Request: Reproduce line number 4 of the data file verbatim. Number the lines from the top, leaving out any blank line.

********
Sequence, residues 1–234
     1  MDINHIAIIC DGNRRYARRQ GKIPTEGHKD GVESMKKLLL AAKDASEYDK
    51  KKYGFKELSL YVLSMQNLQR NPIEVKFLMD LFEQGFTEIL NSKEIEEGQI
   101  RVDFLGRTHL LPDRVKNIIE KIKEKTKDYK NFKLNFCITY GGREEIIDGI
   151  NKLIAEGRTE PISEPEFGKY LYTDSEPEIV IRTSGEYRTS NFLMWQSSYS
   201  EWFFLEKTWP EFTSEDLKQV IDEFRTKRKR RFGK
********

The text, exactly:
   101  RVDFLGRTHL LPDRVKNIIE KIKEKTKDYK NFKLNFCITY GGREEIIDGI